Because of the legendary exploits of Sir Francis Drake, most people have heard of the sixteenth-century conflicts between the English and the Spanish in the New World. Paul Hoffman looks behind the legend to discover the reality of what the Spanish crown was doing to defend its empire against raiders such as Drake.
Using quantitative as well as literary data on the costs, types, and locations of defenses and on the locations and types of corsair incidents, Hoffman documents the evolution of s system of defenses that he believes was adequate for confronting the violence of the French and English in the years before 1586. He suggests that the size of Drake's expedition of 1586 was a response to this system and in turn caused the Spanish to abandon the system in favor of one that concentrated on the defense of the major towns and trade routes.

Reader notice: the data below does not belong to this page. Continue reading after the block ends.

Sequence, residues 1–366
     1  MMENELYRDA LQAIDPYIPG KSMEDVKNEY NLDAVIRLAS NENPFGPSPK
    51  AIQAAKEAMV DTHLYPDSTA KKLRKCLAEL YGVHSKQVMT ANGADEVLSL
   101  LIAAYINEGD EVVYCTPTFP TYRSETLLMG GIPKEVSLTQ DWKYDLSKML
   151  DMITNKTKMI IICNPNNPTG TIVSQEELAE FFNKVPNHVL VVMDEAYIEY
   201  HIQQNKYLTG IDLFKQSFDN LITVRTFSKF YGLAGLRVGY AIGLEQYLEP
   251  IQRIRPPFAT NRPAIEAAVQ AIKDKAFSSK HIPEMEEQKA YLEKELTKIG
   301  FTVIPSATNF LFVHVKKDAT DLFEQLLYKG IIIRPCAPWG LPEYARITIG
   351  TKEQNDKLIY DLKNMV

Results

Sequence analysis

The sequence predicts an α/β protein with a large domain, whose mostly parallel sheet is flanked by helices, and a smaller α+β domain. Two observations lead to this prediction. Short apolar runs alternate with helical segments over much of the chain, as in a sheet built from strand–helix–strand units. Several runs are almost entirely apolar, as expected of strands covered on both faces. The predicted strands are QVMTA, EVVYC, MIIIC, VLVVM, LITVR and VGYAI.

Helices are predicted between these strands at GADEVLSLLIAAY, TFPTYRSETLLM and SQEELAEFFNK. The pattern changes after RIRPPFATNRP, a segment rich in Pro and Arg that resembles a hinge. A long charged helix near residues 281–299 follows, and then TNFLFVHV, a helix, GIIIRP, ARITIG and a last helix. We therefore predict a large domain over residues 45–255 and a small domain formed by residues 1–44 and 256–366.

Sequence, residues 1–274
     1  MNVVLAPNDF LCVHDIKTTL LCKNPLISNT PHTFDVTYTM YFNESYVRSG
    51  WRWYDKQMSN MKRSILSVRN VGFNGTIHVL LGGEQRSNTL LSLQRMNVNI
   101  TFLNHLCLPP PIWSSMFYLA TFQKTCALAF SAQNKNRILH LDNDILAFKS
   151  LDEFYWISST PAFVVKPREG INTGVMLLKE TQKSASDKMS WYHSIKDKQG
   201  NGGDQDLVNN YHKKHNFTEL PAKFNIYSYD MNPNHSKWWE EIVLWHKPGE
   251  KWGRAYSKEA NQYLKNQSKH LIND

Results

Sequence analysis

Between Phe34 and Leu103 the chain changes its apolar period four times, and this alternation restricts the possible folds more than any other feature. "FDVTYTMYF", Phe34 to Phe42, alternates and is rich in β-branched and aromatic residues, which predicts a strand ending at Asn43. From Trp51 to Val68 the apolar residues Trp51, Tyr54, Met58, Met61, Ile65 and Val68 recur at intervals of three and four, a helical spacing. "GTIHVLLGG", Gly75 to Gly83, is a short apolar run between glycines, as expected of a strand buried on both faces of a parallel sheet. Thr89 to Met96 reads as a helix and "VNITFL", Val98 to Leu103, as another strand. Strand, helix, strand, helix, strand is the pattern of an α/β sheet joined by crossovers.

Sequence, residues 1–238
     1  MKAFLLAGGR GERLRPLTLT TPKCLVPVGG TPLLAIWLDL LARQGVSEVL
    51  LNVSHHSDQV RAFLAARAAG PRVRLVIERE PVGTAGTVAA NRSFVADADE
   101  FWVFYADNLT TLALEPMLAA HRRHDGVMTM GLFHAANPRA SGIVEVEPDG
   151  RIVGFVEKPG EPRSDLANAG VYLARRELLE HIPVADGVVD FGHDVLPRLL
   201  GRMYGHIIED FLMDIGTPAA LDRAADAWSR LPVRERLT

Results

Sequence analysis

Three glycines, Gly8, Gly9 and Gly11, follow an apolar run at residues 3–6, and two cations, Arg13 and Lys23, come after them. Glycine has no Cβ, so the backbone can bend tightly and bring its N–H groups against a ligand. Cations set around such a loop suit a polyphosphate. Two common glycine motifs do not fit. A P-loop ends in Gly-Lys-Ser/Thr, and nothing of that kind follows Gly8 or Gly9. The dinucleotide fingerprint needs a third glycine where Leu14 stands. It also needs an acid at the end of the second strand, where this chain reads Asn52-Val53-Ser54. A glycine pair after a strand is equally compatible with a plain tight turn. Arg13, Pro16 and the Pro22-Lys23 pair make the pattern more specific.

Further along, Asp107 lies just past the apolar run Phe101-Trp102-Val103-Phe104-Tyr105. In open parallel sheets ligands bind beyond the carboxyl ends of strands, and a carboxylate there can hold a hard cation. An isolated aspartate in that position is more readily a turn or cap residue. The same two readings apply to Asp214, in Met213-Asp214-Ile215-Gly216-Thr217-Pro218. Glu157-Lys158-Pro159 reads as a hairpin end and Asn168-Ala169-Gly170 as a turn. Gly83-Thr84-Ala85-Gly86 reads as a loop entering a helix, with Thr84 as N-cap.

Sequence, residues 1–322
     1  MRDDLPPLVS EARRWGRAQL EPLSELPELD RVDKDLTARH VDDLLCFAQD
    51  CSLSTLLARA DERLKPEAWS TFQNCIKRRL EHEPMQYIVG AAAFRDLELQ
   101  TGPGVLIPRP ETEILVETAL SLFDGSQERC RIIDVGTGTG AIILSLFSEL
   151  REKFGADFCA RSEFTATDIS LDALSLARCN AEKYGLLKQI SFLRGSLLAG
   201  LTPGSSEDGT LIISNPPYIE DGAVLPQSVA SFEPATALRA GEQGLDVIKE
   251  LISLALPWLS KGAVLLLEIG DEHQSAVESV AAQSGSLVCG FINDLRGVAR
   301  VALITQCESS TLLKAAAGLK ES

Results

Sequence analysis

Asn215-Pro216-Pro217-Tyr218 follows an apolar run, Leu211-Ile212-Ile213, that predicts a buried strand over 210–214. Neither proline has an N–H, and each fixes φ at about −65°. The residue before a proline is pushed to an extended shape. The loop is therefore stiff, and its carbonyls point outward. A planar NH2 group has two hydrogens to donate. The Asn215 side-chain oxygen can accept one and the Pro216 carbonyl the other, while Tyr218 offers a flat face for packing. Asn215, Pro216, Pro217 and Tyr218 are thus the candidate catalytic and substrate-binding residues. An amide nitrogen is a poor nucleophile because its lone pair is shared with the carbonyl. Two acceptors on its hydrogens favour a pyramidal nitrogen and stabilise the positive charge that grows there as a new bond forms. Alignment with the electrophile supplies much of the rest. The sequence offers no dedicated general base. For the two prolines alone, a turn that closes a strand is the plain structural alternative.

Besides telling the complex story of how the Spanish built forts, installed garrisons and artillery, and patrolled the Caribbean, Hoffman discusses the ways in which the political system of the empire shaped decisions on defenses. Contrary to what many have believed, Hoffman concludes, Spain exhibited neither military failure nor timidity in its defense of hits interest in the New World. Sharing the results of his meticulous research about the Spanish Caribbean, Paul Hoffman examines an important period that legend has obscured.